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On Music

Mary Klein
On Music (March 2018)

Nothing is more intimate to life than rhythm. Even “dead” matter, gliding on entropy, throbs to the beat of E=MC2. The mystery of particles and waves as different aspects of the same reality, the mystery of being and doing as equivalent expressions of the same existence – these mysteries point to the great Mystery, which requires us to stand before it in awe, to love it with all our hearts and all our souls and all our strengths and all our minds.

Finding ourselves embedded in this Mystery, we feel Life’s rhythms and variations, its continuities and surprises. A steady heartbeat, the tramp of footsteps, the clatter of leaves in the breeze – these urge us to participate in the call-and-response of Life. But as Friends, we are urged to do more. “From one age to another the gloom grows thicker and darker, till error gets established by general opinion; that whoever attends to Perfect Goodness and remains under the melting influence of it finds a path unknown to many, and sees the necessity to lean upon the arm of divine strength and dwell alone, or with a few in the right, committing their cause to him who is a refuge for his people in all their troubles.” (John Woolman, 1761)
It is not enough for Friends to merely join in the call-and-response of Life; we are invited to go further – to “attend to Perfect Goodness.”

Clearly, the cause of Perfect Goodness is a righteous one. However, the march toward goodness can become so headlong that The Righteous rush past all signs to change direction. For nearly four centuries, Friends have applied considerable powers of ingenuity to social innovations in the name of Perfect Goodness. Many of those innovations have matured into core principles espoused (if not necessarily realized) by progressive democracies – including religious freedom, gender equality, racial equality, learner-centered education, and restorative justice. At the same time, Friends today continue to face revelations of wrong turns, of harms we caused with our good intentions, of evils we promoted as the “lesser-of-two” – including our significant contributions to Indian boarding schools, state penitentiaries, and the Industrial Revolution. By fully acknowledging our errors, we can begin to rediscover our true direction. “Deep humility is a strong bulwark, and as we enter into it, we find safety and true exaltation. . . therein we find that power to arise which gives health and vigor . . .” (Woolman, 1757)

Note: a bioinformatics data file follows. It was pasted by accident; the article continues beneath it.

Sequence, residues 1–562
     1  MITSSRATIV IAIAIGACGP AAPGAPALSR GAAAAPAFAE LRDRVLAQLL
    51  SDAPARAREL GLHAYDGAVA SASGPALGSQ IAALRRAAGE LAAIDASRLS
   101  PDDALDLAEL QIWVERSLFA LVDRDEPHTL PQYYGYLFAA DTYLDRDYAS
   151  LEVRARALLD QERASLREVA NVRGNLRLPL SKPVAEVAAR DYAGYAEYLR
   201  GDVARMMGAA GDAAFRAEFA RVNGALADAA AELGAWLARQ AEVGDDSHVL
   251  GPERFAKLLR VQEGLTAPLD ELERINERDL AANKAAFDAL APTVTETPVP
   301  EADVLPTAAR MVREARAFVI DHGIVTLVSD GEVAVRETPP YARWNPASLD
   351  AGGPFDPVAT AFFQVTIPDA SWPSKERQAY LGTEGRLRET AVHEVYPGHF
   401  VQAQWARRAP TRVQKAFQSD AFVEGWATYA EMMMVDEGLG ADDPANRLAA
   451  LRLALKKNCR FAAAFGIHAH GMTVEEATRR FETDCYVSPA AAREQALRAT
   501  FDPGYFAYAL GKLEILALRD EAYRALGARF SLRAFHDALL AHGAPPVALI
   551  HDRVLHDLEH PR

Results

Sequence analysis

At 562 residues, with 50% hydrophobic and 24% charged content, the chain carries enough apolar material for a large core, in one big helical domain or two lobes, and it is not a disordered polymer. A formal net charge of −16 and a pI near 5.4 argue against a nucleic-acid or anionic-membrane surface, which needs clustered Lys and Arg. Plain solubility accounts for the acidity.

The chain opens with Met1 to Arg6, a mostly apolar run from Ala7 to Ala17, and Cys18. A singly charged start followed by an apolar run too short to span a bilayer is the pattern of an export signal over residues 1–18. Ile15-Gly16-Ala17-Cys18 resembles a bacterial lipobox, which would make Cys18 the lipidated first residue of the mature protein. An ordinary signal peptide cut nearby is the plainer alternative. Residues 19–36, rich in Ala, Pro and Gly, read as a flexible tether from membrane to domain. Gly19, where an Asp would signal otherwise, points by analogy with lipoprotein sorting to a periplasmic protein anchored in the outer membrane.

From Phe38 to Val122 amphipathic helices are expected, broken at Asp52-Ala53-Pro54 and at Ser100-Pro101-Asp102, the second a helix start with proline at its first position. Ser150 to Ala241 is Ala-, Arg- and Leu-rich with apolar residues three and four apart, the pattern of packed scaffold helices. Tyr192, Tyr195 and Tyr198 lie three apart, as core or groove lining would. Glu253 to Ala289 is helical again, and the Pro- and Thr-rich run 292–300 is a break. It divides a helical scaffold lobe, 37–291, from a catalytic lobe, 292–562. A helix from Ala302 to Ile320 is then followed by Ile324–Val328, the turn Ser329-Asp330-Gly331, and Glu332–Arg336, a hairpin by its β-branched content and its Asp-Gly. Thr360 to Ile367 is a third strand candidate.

Our world is suffering from a frightening up-swell of authoritarianism, from a rising incidence of “mass mortality events” in climate-sensitive species, from an intensifying accumulation of anthropogenic toxins throughout the fabric of our biosphere, and from countless other assaults on the Common Good by the powers of Business as Usual. 

“[Death] is not the greatest evil one can suffer,” says Walter Wink in Jesus and Nonviolence: A Third Way (2003). “I cannot really be open to the call of God in a situation of oppression if the one thing I have excluded as an option is my own suffering and death.” Aside from the ancient call-and-response of oppression and submission, creative nonviolence is a third way, the way of Perfect Goodness. But this way “is not natural,” says Wink. “We have not been prepared for it through millions of years of conditioning for fight or flight responses. We do not come to [it] by virtue of a sunny disposition, but by conversion, practice, imagination, and risk.”

The strength to subdue millions of years of conditioning, to disrupt the rhythms of daily life, to accept personal harm and humiliation, to seek to free the Powers That Be from their own oppressive actions – such strength is unnatural; it is supernatural; but it exists. Let us seek it and rely on it.

Woolman warned that we will feel reluctant. “Where unrighteousness . . . is so strong that it may not be spoken against without some prospect of inconvenience to the speaker, this difficulty is likely to operate on our weakness and quench the good desires in us, except we dwell so steadily under the weight of it as to be made willing to endure hardness on that account.” (1761) So let us not only surrender to the arm of divine strength; let us also feel the weight and hardness of oppression, so much so that we feel compelled to oppose it.

Nonviolence John Woolman Walter Wink music death Fear

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